Published on: January 3, 2012
by Susan L. Mitchell, MD, MPH; Betty S. Black, PhD; Mary Ersek, RN, PhD, Laura C. Hanson, MD, MPH; Susan C. Miller, PhD, Greg A. Sachs, MD, Joan M. Teno, MS, MS; R. Sean Morrison, MD for Annals of Internal Medicine:
Advanced Dementia: State of the Art and Priorities for the Next Decade
Dementia is a leading cause of death in the United States. This article outlines the current understanding of advanced dementia and identifies research priorities for the next decade. Research over the past 25 years has largely focused on describing the experience of patients with advanced dementia.
This work has delineated abundant opportunities for improvement, including greater recognition of advanced dementia as a terminal illness, better treatment of distressing symptoms, increased access to hospice and palliative care services, and less use of costly and aggressive treatments that may be of limited clinical benefit.
Addressing those opportunities must be the overarching objective for the field in the coming decade. Priority areas include designing and testing interventions that promote high-quality, goal-directed care; health policy research to identify strategies that incentivize cost-effective and evidence-based care; implementation studies of promising interventions and policies; and further development of disease-specific outcome measures. There is great need and opportunity to improve outcomes, contain expenditures, reduce disparities, and better coordinate care for the millions of persons in the United States who have advanced dementia.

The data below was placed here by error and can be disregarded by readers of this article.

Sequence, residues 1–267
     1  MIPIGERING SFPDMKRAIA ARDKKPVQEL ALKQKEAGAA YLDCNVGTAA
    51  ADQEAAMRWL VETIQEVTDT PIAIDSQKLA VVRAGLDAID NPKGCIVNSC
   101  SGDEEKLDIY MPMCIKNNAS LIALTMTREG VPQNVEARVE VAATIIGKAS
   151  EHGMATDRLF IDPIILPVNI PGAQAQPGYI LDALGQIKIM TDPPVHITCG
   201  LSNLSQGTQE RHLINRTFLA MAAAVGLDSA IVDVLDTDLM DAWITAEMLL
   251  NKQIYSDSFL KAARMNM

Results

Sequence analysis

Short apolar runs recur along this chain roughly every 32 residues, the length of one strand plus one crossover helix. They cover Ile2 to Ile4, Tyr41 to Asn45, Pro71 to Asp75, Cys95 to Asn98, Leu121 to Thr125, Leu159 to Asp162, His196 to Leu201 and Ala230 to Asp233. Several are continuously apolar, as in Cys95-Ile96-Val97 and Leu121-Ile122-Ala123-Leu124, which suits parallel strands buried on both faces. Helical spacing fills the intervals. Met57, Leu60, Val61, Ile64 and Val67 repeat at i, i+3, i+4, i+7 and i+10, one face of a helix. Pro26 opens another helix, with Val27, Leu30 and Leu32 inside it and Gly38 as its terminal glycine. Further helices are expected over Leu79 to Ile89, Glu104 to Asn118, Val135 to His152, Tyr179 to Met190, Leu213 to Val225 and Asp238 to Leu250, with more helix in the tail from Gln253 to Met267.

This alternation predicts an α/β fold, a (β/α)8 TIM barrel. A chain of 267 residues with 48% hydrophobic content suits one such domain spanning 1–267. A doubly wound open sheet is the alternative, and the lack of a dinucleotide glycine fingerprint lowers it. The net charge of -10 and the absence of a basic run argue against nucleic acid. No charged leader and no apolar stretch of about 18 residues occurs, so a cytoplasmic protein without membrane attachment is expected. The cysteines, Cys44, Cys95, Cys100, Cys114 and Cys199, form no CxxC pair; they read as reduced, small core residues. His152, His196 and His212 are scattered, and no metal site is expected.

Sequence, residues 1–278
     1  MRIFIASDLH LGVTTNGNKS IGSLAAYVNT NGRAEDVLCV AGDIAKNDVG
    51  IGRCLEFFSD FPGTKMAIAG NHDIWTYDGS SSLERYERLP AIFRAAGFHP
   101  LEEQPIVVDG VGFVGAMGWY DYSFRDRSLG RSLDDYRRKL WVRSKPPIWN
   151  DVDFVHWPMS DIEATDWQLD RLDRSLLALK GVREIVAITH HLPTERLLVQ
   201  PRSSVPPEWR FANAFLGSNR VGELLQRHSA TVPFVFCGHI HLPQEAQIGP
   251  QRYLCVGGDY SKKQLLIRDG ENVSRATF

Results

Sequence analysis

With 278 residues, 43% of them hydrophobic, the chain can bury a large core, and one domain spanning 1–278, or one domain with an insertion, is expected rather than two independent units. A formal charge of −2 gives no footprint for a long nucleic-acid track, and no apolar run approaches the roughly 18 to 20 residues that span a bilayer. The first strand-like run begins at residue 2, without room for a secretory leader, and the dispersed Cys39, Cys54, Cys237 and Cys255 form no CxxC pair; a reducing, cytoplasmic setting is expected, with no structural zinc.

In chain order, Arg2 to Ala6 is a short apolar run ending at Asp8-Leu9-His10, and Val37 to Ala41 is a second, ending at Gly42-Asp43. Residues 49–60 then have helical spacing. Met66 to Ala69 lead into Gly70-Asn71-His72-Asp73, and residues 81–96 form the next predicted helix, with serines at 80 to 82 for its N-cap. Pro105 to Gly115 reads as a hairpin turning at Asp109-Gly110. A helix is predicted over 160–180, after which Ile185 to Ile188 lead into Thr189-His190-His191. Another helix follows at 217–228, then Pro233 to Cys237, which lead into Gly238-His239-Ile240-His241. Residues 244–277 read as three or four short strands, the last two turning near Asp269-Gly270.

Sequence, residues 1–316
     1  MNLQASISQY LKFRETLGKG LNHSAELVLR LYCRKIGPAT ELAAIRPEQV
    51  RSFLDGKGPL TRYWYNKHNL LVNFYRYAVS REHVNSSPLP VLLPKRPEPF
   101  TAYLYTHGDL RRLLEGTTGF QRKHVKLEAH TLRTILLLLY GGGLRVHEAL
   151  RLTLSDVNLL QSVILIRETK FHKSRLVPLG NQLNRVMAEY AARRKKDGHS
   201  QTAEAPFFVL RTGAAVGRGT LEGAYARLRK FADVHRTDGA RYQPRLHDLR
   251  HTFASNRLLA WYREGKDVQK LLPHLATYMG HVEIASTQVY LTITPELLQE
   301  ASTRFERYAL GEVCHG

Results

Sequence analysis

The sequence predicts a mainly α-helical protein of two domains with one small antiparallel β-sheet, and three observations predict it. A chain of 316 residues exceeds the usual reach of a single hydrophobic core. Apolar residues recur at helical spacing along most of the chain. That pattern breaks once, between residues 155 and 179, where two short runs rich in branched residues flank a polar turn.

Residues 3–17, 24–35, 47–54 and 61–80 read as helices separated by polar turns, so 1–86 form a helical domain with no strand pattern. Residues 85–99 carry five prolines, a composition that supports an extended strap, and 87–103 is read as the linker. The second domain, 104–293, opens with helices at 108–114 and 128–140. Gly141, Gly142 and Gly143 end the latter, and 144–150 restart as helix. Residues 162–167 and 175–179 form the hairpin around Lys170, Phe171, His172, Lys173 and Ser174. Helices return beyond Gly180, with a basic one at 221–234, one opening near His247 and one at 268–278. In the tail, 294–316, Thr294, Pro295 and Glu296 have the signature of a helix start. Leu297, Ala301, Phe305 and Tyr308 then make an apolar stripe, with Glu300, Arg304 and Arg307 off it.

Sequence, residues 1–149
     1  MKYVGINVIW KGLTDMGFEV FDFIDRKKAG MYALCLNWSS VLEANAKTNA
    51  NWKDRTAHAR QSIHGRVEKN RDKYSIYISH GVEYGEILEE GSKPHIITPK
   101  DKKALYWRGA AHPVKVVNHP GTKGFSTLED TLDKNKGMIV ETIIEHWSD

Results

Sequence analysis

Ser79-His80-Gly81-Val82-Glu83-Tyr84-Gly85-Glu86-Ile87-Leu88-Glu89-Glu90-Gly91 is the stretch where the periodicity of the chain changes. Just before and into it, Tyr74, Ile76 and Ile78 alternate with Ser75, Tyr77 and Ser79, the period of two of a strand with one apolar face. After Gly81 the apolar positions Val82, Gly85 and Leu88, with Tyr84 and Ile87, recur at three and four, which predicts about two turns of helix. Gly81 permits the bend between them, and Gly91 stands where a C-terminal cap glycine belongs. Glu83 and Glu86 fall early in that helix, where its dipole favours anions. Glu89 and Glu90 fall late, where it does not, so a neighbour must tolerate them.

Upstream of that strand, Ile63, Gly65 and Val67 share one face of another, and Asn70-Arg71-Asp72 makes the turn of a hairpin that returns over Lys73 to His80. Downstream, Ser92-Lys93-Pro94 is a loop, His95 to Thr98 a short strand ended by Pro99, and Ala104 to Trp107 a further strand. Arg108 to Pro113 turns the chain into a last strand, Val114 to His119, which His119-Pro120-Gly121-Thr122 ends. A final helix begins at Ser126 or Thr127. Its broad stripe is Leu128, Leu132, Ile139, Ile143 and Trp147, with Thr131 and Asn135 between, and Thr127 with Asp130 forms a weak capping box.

Our event with Dr. Wendy Suzuki explaining how higher levels of physical fitness are associated with better brain structure and higher cognitive function. Highlights video.
Our event with Dr. Wendy Suzuki explaining how higher levels of physical fitness are associated with better brain structure and higher cognitive function. Full video.
Two blood markers, phosphorylated tau 217 (p-tau217) and phosphorylated tau 181 (p-tau181), showed strong diagnostic performances for Alzheimer’s disease and discriminated Alzheimer’s from frontotemporal lobar denervation (FTLD) syndromes and normal cognition, a retrospective study...
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